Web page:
As his debut feature ORANGES AND SUNSHINE comes to UK cinemas, director Jim Loach explains why the fact that his father is a household name is both an inspiration and a source of added pressure…
Making his feature debut with Oranges and Sunshine, director Jim Loach is bracing himself. As the son of Ken Loach—the celebrated British filmmaker behind Kes, Sweet Sixteen and My Name is Joe, to name but three—he knows his film will be compared, contrasted and criticised in light of his father’s body of work. “I know it’s going to happen and it’s inevitable,” he sighs. “Funnily enough, in terms of the material we go for, we probably would be slightly different. But it’s totally inevitable. So I have to get on with it.”
In truth, given the real-life plot of Oranges… it sounds just the sort of story Loach’s father might gravitate towards. Emily Watson plays Margaret Humphreys, a Nottingham-based social worker who in 1986 discovered that hundreds of children three decades earlier were shipped off to Australia by the British government. While many of these kids were living in care homes in the UK, most were not orphans, and were separated permanently from their families, put into Catholic institutions in Australia and often subjected to hard labour.
Adapted from Humphrey’s book Empty Cradles by Rona Munro, who previously scripted his father’s harrowing 1994 film Ladybird Ladybird, Loach was on the verge of shooting when both the governments of Britain and Australia issued an official apology to all the former child migrants, in late 2009. “The timing of it took us all by surprise,” he says. “Only a few weeks before, it seemed like an apology was a very long way away.” Loach was in Nottingham with Humphreys when he heard the news. “It was a very heightened, emotional time. Margaret was pretty overwhelmed, because it was such a huge moment. It was something she’d worked for, for 23 years.”
Loach first met Humphreys back in 2003, after reading her book and deciding he wanted to bring it to the screen. “She was very cautious,” he recalls. “She wanted to be convinced of what a film could do, and what sort of film it would be. She’s quite a normal, private person. So to have this bloke coming up from London, getting into quite personal areas, was quite difficult for her, and I can understand why.” As he states, he and Munro did not want to make a ‘campaigning film’, but a drama about a woman who devoted her life to reuniting separated families. “I think Margaret’s main concern was that it couldn’t just wallow in misery,” he says.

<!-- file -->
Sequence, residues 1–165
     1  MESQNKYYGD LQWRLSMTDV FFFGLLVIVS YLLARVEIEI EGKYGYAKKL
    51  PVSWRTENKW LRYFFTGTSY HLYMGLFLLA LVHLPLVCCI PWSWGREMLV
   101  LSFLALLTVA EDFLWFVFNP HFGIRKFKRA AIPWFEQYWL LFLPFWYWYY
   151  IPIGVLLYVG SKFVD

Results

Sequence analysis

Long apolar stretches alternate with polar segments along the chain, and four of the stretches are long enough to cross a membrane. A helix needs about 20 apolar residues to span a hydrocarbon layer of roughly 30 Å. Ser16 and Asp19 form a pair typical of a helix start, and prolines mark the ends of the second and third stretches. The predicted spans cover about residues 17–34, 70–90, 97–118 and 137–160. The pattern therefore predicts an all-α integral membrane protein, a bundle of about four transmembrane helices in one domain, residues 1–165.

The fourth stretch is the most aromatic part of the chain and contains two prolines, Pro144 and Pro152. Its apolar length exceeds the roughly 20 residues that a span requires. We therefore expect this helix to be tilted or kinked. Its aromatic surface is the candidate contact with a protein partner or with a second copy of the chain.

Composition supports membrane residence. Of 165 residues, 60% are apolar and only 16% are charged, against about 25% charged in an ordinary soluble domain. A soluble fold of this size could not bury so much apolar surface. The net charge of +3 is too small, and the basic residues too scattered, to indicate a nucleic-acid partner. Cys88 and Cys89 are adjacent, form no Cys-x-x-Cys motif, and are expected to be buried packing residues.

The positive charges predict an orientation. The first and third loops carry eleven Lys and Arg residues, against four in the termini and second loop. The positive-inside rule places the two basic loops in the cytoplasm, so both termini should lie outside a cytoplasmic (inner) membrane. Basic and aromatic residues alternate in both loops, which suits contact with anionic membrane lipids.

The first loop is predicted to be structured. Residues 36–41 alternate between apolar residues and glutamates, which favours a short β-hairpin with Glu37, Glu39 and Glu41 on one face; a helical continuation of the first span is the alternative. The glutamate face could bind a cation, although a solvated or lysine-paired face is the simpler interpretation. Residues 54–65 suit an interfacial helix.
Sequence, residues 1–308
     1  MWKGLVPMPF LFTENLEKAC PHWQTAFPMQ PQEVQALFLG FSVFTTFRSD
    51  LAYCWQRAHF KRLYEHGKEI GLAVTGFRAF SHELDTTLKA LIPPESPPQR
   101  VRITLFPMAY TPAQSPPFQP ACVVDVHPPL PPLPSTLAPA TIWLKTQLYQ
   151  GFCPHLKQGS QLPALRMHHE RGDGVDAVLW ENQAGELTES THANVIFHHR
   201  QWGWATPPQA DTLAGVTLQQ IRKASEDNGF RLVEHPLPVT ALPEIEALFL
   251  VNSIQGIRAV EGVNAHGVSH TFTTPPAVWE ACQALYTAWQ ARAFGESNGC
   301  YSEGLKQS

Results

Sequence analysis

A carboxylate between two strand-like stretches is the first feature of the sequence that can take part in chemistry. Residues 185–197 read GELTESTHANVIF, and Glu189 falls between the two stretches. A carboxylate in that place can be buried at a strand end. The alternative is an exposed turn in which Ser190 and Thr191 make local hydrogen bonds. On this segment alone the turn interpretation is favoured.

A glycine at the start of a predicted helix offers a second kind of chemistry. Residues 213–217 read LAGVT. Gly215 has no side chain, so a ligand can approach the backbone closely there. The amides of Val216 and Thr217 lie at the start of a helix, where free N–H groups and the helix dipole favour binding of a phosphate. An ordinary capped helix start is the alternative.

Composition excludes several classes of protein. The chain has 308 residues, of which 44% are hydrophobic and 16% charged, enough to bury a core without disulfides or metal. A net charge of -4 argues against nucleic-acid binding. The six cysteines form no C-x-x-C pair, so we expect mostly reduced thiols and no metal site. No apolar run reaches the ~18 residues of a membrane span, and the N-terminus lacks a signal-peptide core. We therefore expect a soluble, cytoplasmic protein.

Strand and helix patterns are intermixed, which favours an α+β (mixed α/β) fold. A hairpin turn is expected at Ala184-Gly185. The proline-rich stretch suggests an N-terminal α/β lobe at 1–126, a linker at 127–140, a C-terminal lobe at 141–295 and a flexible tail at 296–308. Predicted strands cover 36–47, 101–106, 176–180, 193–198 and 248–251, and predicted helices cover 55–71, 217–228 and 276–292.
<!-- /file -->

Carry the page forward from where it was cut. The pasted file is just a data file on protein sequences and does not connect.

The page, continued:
It’s a frequent criticism levied at his father’s films, yet the 41-year-old Loach studiously ensures that Oranges… has a more upbeat feel (despite the scare tactics Humphreys faces when she goes to Australia to continue her investigations). Still, did he bring his father into the post-production? “Yeah, he popped into the cutting room to give me a few tips! We talk every day, so it’s not really a big deal. It’s important to be able to show it and have someone with a fresh eye to come in and see it.” Was he nervous at showing his father? He shakes his head. “No. I wasn’t nervous to show my dad.”
Raised in Bath, Loach testifies that he had a normal childhood—“whatever that is”—and didn’t spend a great deal of time on his father’s sets. “When I was much younger, I definitely didn’t want to make films. I think it was because I was determined to do the opposite of what my parents did. At the time, I wanted to be a journalist. I wanted to be like John Pilger, he was my hero.” So what happened? “It’s difficult to explain, to be honest. The pull was irresistible. That’s the only way I can describe it. And I think fundamentally I always did want to make films, but I denied it in myself.”
Ironically, Loach mirrored his father, who spent his early years in television, after he joined Granada, following a stint studying philosophy at university. Working on World in Action, he began to direct episodes of the hard-hitting news show before moving onto Britain’s longest-running soap, Coronation Street, in 2000. “A lot of the older [cast] used to look at me like I should make them a cup of a tea and then bugger off! It was a completely surreal experience to be honest. I’d just stand there thinking, ‘What on earth am I doing here, in the Rovers Return? How has this happened? And what on earth am I going to say to them?’”
On the show for 10 months, Loach left with the intention of starting a career in feature films—not easy given his family background. “Really, it’s a royal pain in the arse to be honest a lot of the time!” he says of the shadow his father has unintentionally cast over his career. “But I’m really, really close to my dad—and my mum—and we talk all the time. There were definitely times when I felt like it was too difficult to deal with. But now I just do what I want to do. The problem for me was, obviously you don’t start from a clean slate, so you just have to let that notion go, and accept there will be a perception, and get on with it, and do it anyway.”
In the end, Loach cut his teeth on all manner of shows, from Shameless to Holby City, and Footballer’s Wives to Bad Girls, before he finally got Oranges… off the ground. But unlike his father—whose films, bar Carla’s Song and Bread and Roses, are always based in Britain—Loach relished the chance to shoot abroad, in Adelaide. “I think it’s more freeing to me personally.” He hopes to make another film, this time fictional, about a boy who journeys across the world to find out who his father is—a story that sprung out of the ashes of Oranges. “It’s about how well you know your parents,” he says. Given his own background, it seems the perfect story for him to tell next. •